Therefore, while there are numerous suggestions for cooperative and social discourse, another purpose of this book is to stimulate dialogue as a means of building an “ecology of thought” (Isaacs, 1999)-a living network of memory and awareness that becomes a complex web linking community members together. This is a difficult task, as it means temporarily suspending what we individually think-relaxing our grip on our certainties, entertaining others' points of view, and acting with a willingness to abide by and support the group's decisions arrived at through deep and respectful listening and dialogue. Out of this collective atmosphere in which we think and work together unfolds a fresh group intelligence that promotes action toward common goals.
Thinking About Our Own Thoughtfulness
In this volume, there are many descriptions of the benefits of and suggestions for inviting students to think about their thinking: metacognition. Indeed, human beings, to the best of our knowledge, are the only form of life with the capacity to stand off and examine their own thoughts while they engage in them. Although the human brain is able to generate reflective consciousness, however, not everyone seems to use it equally (Csikszentmihalyi, 1990). Thus a broader intent of this publication is heightened consciousness for all of us, not only students.
Thinking involves the whole of us-our emotions, our ways of feeling in the body, our ideas, our beliefs, our qualities of character, and our visions of being. Learning to think begins with recognizing how we are thinking now. Generally we are not all that conscious of how we are thinking. We can begin to think by listening first to ourselves and to our own reactions-by learning to watch how our thoughts encapsulate us. Much of what we think happens simply by virtue of our agreement that it should, not because of any close examination of our bounded assumptions, limited history, and existing mental models.
When confronted with problematic situations, we all must learn to habitually monitor our reactions by asking ourselves, “What is the most intelligent thing I can do right now?”
Further self-probing questions include the following:
How can I learn from this? What are my resources? How can I draw on my past successes with problems like this? What do I already know about the problem? What resources do I have available or need to generate?
How can I approach this problem flexibly? How might I look at the situation in another way? How can I look at this problem from a fresh perspective? Am I remaining open to new possibilities and further learning?
How can I illuminate this problem to make it clearer, more precise? Do I need to check out my data sources? How might I break this problem down into its component parts and develop a strategy for understanding and accomplishing each step?
What do I know or not know? What questions do I need to ask? What strategies are in my mind now? What am I aware of in terms of my own beliefs, values, and goals related to this problem? What feelings or emotions am I aware of that might be blocking or enhancing my progress?
How is this problem affecting others? How can we solve it together? What can I learn from others that would help me become a better problem solver?
When the first astronauts went into space and looked back on earth, they realized that there were no lines on the planet. The scars of national boundaries were gone. Dividing lines disappear when you get enough perspective. And yet, divisions still exist among people, children, nations, institutions, religions, and political ideologies.
Another mission of this book, therefore, is to build a more thoughtful world as an interdependent learning community, where all people are continually searching for ways to trust each other, to learn together, and to grow toward greater intelligence. By caring for and learning from one another and sharing the riches and resources in one part of the globe, we can help the less fortunate others achieve their fullest intellectual potential and together build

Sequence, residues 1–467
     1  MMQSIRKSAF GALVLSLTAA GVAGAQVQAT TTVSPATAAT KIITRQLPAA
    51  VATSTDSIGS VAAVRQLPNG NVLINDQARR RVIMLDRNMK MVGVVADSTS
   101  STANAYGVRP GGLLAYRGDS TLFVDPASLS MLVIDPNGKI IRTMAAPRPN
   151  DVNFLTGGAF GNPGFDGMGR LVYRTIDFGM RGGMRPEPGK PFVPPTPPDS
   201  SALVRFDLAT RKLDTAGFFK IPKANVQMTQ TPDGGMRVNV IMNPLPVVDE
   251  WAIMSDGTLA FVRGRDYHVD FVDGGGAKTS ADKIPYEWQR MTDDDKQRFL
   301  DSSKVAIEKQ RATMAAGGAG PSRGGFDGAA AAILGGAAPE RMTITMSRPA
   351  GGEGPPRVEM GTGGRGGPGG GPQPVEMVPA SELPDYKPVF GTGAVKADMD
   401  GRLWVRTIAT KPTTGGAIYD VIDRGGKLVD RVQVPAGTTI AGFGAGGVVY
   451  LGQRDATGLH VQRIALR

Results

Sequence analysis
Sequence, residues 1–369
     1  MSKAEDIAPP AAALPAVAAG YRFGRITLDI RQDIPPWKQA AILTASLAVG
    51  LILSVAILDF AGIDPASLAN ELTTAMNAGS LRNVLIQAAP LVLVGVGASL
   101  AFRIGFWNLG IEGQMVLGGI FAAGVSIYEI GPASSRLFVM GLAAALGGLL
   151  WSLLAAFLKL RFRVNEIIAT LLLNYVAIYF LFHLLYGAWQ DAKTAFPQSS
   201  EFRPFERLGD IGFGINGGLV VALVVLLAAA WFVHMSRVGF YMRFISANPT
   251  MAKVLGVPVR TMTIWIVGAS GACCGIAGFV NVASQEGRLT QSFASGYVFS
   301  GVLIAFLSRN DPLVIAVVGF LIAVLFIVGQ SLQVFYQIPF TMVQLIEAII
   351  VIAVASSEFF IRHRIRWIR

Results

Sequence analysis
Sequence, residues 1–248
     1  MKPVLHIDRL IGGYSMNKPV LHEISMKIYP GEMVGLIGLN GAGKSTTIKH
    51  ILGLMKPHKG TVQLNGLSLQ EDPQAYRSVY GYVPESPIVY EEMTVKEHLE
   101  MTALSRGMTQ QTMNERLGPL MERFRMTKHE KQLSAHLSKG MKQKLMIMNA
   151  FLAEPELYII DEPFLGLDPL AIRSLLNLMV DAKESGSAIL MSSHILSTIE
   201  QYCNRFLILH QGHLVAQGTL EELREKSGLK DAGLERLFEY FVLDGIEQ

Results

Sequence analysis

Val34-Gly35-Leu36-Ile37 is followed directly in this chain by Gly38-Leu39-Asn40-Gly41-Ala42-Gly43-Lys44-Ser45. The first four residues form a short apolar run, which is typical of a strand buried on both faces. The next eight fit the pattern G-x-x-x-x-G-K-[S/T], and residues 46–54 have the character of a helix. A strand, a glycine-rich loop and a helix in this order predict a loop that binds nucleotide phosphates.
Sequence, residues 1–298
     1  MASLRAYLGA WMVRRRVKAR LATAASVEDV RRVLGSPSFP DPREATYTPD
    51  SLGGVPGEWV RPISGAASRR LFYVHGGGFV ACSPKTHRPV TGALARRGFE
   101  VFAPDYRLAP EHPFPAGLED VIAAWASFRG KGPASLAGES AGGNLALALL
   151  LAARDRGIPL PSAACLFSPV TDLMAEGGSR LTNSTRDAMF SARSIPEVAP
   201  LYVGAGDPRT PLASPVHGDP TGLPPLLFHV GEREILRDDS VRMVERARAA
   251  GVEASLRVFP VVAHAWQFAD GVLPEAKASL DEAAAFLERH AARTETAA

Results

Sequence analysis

A world community that strives to generate more thoughtful approaches to solving problems in peaceful ways rather than resorting to violence and terrorism to resolve differences.
A world community that values human diversity of other cultures, races, religions, language systems, time perspectives, and political and economic views in an effort to bring harmony and stability.
A world of greater consciousness of our human effects on each other and on the earth's limited resources in an effort to live more respectfully, graciously, and harmoniously in our delicate environment.
A world of better communication with other peoples, regardless of what language they speak, to employ clear and respectful dialogue rather than weapons to resolve misunderstandings.
The larger mission of this book, therefore is to support a vision of a world filled with classrooms, schools, and communities that are more thoughtful places. We must learn to unite and not divide. As Alan Kay (1990) stated, “The best way to predict the future is to invent it.”
If we want a future that is much more thoughtful, vastly more cooperative, greatly more compassionate, and a lot more loving, then we have to invent it. The future is in our schools and classrooms today.
Colvin, R. L., & Helfand, D. (2000, July 1). Millions for schools tied to Stanford 9 test scores. Los Angeles Times, pp. A20-21.
Costa, Arthur L. (Ed.) (2001). Developing Minds: A Resource Book for Teaching Thinking (3rd Edition). Alexandria, VA: Association for Supervision and Curriculum Development.
Csikszentmihalyi, M. (1990). Flow: The psychology of optimal experience. New York: Harper & Row Publisher.
Isaacs, W. (1990). Dialogue and the art of thinking together: A pioneering approach to communicating in business and in life. New York: Currency.
Kay, Alan (1990, March). The best way to predict the future is to invent it. Keynote presentation delivered at the 45th Annual Conference of the Association for Supervision and Curriculum Development, San Antonio, TX.
Seiger-Ehrenberg, S. (1991). Educational outcomes for a k-12 curriculum. In A. Costa (Ed.), Developing Minds: A Resource Book for Teaching Thinking (Rev. ed., Vol. 1, pp. 6-9). Alexandria, VA: Association for Supervision and Curriculum Development.
Vygotsky, L. S. (1978). Mind in society: The development of higher psychological processes. Cambridge, MA: Harvard University Press.